The NFB is committed to respecting your privacy

We use cookies to ensure that our site works efficiently, as well as for advertising purposes.

If you do not wish to have your information used in this way, you can modify your browser settings before continuing your visit.

Learn more
Watch 5 critically-acclaimed animated shorts

Watch 5 critically-acclaimed animated shorts

Watch 5 critically-acclaimed animated shorts

With the opening of the Ottawa International Animation Festival next week, we’ve got animation on the brain. So, we dug into our collection to present you with 5 of our most critically-acclaimed animated shorts – films that have garnered awards, Oscar nominations, and praise from across the country and around the world.

Take note – these films are not for children, and some of them aren’t for the very sensitive among you. They all have elements of darkness, and tell difficult stories. But they’re all exceptional films, meticulously animated, and have earned their incredible reviews.

54 Hours

This film illustrates of the story of the 132 Newfoundland sealers who were sent onto the ice in 1914 and abandoned, resulting in 78 men freezing to death. Although beautifully told, it’s is a hard film to watch. But it’s so important. It’s a privilege for us to be able to have first-person accounts of our history, and the filmmakers did an incredible job with the material they had. And, you should watch anything that Michael Crummey had a hand in.

54 Hours, Bruce Alcock & Paton Francis, provided by the National Film Board of Canada

Madame Tutli-Putli

Join Madame Tutli-Putli as she boards the night train with all her baggage – both physical and psychological. True confession? This was the first time I’d watched this film, and wow, was I blown away. The animation is exquisite, and the tone is just perfection. It is not for the faint of heart – there were a few moments where I had to look away – but this is one of those films that just puts you in a trance. If you’ve never seen it, drop what you’re doing for 20 minutes and just watch.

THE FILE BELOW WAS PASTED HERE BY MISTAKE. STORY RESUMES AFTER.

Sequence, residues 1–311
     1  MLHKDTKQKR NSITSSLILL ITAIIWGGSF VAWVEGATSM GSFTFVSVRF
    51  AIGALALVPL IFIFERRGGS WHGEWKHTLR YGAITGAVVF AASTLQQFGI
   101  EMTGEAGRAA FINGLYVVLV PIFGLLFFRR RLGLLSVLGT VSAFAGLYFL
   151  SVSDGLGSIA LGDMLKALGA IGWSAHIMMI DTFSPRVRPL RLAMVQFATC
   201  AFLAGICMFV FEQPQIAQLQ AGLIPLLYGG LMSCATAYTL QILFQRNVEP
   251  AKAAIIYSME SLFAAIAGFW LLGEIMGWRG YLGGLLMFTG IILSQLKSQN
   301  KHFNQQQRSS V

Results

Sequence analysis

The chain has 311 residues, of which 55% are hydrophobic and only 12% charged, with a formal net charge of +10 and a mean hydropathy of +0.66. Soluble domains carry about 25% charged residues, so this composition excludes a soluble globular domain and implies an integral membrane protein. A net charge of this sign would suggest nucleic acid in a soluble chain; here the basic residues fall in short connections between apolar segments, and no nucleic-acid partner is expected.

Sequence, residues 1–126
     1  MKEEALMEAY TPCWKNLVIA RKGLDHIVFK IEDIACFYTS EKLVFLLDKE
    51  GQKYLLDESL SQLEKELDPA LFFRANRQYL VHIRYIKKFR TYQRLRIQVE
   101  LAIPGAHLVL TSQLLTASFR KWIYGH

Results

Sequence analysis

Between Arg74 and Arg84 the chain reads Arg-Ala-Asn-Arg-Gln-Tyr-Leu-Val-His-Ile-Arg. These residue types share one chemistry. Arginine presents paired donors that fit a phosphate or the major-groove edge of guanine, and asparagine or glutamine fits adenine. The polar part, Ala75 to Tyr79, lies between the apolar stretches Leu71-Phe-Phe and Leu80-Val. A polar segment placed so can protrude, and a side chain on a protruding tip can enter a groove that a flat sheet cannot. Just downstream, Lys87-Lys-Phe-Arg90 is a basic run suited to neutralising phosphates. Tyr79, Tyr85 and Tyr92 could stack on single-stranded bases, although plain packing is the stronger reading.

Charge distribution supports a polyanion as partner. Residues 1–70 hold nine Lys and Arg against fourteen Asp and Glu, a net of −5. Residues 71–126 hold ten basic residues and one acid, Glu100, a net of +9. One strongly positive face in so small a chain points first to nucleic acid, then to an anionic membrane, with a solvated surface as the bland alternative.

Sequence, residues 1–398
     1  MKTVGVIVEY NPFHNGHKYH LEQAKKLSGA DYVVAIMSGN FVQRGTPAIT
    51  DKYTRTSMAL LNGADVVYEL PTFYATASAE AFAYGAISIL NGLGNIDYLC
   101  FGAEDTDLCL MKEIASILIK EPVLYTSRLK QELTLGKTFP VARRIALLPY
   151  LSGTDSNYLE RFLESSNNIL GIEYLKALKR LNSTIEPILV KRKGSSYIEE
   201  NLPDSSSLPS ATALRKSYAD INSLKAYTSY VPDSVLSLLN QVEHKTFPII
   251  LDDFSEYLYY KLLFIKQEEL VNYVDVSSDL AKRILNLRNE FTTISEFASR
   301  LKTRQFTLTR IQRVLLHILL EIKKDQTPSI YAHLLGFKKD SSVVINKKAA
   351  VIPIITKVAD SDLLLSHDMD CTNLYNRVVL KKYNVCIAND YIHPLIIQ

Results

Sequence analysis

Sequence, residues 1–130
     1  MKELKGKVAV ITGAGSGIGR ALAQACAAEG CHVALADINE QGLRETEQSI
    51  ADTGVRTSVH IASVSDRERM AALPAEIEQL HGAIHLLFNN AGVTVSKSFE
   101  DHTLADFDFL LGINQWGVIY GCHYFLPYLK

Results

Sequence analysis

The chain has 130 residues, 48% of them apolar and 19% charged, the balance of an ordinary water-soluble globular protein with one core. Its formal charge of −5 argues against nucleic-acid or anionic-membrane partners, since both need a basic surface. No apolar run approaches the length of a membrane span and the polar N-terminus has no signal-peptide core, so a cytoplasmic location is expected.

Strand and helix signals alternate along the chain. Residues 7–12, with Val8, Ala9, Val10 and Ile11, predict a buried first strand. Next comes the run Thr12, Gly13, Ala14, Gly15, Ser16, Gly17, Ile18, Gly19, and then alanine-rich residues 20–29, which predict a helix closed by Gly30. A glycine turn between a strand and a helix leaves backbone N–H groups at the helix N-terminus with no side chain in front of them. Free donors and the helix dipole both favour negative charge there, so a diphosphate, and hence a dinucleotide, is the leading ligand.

Madame Tutli-Putli , Chris Lavis & Maciek Szczerbowski, provided by the National Film Board of Canada

How Wings are Attached to the Backs of Angels

This entire film is like a surreal dream. A really dark one. Don’t get me wrong – it’s brilliant, and I love my films dark, but be prepared – it’s heavy. Like any film of this nature, I suppose its meaning is up for interpretation, but I think it’s pretty safe to say it’s about control and the suppression of desire. I told you – heavy.

How Wings Are Attached to the Backs of Angels, Craig Welch, provided by the National Film Board of Canada

The Street

In this Oscar-nominated short by Caroline Leaf, a young boy anxiously awaits his grandmother’s impending death… but not for the reasons you’d think. Based on a story by Mordecai Richler, The Summer My Grandmother was Supposed to Die, Caroline Leaf’s film transported me back to the era of my own parents’ childhood. It’s a pure pleasure to watch, and the fluidity of the watercolour and ink animation matches so well with Richler’s style of storytelling.

The Street, Caroline Leaf, provided by the National Film Board of Canada

When the Day Breaks

Full disclosure – this has long been one of my favourite NFB shorts. There’s just something about the animation style, and the way the story unfolds. Not to mention that it’s just beautiful to look at. Ruby, our protagonist, witness something horrible during an otherwise ordinary day, and needs to find a way to come back from that. It’s about finding comfort in routine, even when you think there’s none to be had. Also, it’s got Martha Wainwright.

When the Day Breaks, Wendy Tilby & Amanda Forbis, provided by the National Film Board of Canada

Add a new comment

Write your comment here